Monday, November 20, 2006

Door-to-door salespeople

A short while ago, one of the commenters on a November 6 posting on union organizing said:

"Your argument that your meetings are evened out by home visits is likewise unconvincing. In case you haven't noticed, the door-to-door salesman is extinct. Why? Because Americans dislike having somebody knock on their door to talk to us about just about anything. Nor do we like getting calls at home. (Did you notice how popular the "do not call" registry is?)"

Today, we received a report that two of our nurses (at least) had SEIU representatives come to their doors this weekend. The representatives had long lists of addresses for our employees.

Oh, and as I noted on August 25, previously they had conducted a telephone survey.

So, I guess this commenter is out of touch with current organizing tactics. :)

By the way, we had heard rumors that the SEIU and the Mass Nurses Association had reached an agreement that the SEIU would not engage in organizing nurses. I guess that rumor was incorrect.


Anonymous said...

Are you against the concept of unions? Just curious because it sounds like you are.

Anonymous said...

I'm afraid you misunderstood my point about knocking on doors and calling people at home.

My point wasn't that these methods weren't or shouldn't be used by unions -- my point was that a process that forces one side to rely on these methods while allowing the other to utilize much more effective and efficient methods to get its message out is inherently unfair.

Knocking on doors is a time-consuming process, but it's one of the only avenues of communication left available for prounion workers and union members under the current rules.

On the other hand, employers can simply require all employees to attend meetings where they are urged to vote the way the employer wants them to vote.

Please take note that there is wide agreement that "captive audidence meetings" held by employer can make a crucial difference in the outcome of the process.

Phillip Wilson, an anti-union blogger and consultant who specializes in helping employers plan "union avoidance" campaigns, wrote a very interesting post (located here: ) arguing that in his experience the "odds of a company victory increase with each captive audience meeeting held" and that this makes a "dramatic" difference.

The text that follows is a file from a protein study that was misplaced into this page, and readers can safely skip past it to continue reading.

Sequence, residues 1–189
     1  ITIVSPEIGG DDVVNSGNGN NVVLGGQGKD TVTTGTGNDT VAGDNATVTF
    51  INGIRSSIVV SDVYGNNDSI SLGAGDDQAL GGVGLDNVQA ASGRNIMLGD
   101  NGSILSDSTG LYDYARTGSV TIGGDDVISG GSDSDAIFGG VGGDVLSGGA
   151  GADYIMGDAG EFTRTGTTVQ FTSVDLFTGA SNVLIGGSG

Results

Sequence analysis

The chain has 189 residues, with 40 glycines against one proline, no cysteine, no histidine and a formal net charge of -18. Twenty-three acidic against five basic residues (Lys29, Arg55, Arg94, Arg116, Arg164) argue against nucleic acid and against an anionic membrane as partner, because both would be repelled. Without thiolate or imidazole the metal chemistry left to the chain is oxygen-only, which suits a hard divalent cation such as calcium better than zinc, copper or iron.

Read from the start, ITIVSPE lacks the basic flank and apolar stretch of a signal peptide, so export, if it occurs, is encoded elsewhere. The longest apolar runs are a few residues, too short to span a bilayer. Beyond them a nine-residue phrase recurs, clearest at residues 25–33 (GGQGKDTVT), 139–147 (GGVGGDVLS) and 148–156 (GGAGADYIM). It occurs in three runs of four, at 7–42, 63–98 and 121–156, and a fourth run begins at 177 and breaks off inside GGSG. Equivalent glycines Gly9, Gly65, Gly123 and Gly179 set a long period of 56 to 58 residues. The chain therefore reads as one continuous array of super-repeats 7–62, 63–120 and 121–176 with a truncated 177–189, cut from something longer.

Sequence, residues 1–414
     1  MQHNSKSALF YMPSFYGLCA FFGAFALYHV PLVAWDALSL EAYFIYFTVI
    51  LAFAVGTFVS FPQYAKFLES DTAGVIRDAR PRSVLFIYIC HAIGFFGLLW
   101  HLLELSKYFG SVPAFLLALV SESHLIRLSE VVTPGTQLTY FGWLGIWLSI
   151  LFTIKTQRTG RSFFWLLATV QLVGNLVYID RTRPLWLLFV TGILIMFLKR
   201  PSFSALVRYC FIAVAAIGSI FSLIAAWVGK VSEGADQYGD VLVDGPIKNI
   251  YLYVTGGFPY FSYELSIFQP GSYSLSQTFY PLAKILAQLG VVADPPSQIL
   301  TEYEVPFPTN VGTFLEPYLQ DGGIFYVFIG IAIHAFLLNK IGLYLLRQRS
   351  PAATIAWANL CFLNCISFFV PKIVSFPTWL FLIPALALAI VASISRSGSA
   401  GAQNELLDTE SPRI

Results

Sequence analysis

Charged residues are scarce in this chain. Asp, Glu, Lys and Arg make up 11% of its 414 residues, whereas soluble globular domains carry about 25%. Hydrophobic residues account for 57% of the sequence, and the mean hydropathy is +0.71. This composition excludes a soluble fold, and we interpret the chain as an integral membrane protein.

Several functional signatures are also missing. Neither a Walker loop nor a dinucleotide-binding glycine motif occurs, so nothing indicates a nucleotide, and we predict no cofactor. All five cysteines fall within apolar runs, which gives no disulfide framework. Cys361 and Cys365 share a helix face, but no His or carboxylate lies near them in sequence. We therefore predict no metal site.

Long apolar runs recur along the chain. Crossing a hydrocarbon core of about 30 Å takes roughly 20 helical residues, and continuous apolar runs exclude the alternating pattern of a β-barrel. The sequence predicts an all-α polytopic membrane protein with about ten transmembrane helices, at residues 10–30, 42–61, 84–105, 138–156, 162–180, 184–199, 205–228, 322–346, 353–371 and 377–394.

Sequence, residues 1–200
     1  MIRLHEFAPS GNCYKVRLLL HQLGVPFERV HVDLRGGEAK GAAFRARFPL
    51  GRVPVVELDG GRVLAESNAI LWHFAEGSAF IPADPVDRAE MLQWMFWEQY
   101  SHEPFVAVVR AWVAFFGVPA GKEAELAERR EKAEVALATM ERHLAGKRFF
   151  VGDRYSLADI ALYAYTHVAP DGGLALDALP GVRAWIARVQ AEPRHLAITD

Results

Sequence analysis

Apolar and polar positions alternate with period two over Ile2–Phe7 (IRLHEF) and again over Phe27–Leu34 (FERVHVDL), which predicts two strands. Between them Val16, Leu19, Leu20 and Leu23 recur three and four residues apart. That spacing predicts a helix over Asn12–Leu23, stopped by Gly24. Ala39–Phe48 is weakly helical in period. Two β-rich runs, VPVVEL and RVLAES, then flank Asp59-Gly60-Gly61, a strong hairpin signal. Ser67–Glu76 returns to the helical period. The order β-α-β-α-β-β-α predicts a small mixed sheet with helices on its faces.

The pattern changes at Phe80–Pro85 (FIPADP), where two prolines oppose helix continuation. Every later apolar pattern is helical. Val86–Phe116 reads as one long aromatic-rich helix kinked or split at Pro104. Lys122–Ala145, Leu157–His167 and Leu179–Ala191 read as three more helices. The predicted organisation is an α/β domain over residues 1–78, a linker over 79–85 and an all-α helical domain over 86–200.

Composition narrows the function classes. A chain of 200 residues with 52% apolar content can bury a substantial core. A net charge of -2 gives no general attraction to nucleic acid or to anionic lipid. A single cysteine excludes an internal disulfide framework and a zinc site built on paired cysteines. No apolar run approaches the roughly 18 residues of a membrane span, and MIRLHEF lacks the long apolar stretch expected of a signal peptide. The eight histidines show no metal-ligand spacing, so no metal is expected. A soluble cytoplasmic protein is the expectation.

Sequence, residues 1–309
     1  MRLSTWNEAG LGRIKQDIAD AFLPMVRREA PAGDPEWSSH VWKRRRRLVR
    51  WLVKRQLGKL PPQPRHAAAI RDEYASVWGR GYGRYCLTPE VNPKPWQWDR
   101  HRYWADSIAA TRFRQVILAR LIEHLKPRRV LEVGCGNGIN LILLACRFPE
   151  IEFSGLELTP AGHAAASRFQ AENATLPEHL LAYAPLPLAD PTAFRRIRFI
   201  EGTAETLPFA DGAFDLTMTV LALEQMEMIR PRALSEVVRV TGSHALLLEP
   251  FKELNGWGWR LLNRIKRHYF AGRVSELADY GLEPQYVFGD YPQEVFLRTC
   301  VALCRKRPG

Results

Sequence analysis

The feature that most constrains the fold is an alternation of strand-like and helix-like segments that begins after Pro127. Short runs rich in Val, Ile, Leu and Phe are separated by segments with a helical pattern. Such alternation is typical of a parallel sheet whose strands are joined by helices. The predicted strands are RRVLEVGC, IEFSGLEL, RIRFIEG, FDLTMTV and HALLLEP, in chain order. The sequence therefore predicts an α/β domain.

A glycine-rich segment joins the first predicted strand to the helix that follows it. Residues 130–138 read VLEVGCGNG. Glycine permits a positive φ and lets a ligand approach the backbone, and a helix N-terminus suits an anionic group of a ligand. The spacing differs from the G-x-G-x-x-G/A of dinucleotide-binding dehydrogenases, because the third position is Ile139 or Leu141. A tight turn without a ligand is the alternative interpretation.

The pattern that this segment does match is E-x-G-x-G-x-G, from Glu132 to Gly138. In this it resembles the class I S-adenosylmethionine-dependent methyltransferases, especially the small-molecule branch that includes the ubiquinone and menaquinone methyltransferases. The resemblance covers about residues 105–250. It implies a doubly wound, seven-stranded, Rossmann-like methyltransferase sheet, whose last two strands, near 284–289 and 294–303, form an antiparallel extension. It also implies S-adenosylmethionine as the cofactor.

On this point, Wilson agrees with a study conducted by Cornell researchers that found that when employers require staff to attend captive audience meetings the chances are that employees will suceed in forming a union plummet. The employer's unfettered, unlimited access to the voters tilts the scales dramatically in favor of the outcome the employer prefers.

It's understandable that employers are so tenacious in demanding that workers remain locked into this status quo arrangement. Who wouldn't prefer circumstances that gives oneself such a huge advantage?

Anonymous said...

Unions are scum.

Although unions were once relevant and important to the labor revolution and worker safety, they now exist only to promote mediocrity, laziness, and themselves.

And they will not stop at mailings, phone calls, harrassing employees on the job, and breaking agreements with other unions. They will harrass, cajole, invade employees' space at home, and lie about you and your organization.

Anything, to get a cut of everyone's paycheck. That's their ultimate goal, civility be damned.

KULTURE said...

I enjoy reading your blog on occassion.

I have always felt that healthcare workers are used merely as sources of money by unions and little more...

Unions often find health care workers easy to unionize because they have two hot-button issues: 1) staffing levels and 2) the related mandatory overtime issue.

Given that unions regularly campaign on these issues, they rarely do much to correct them. HOWEVER, like ticks sucking the blood of a host, unions get their dues $$$ every month.

Wise hospital administrators who wish to remain union-free will recognize these two hot-button issues in advance and set up a forum for employees to deal directly with management on these issues, to negate the necessity of a union.

Keep up the good work!

Anonymous said...

I did my residency at a hospital with a well established union -- the nurses with the least clinical skills and worst attitudes were usually the ones who held union positions and were essentially untouchable. A couple of years ago the nurses went on strike -- the hospital didn't have the finances to withstand that and it was shut down.

I sympathize with our nurses -- they are professionals that deliver outstanding care often under tons of pressure and trying circumstances. They deserve far more credit and kudos than they receive. But the pressures we face (lack of inpatient beds in the country, declining reimbursement) are a national crisis, not local hospital decision. BIDMC is a non-profit - there are no shareholders that are collecting the profits off our efforts. I think involving unions would make it more difficult to deliver quality care -- it would be a huge mistake that would destroy the BIDMC as we know it.

My hope is there will be open and frank dialogue that makes it clear to the nurses they don't need to resort to union style tactics to be heard. And if the unions try the strong arm techniques that they have in other cities, (ie delaying cancer centers, etc) I hope our nurses will ask themselves as professionals, whether they wish to be part of such an organization.

I hope everyone is having a Happy Thanksgiving!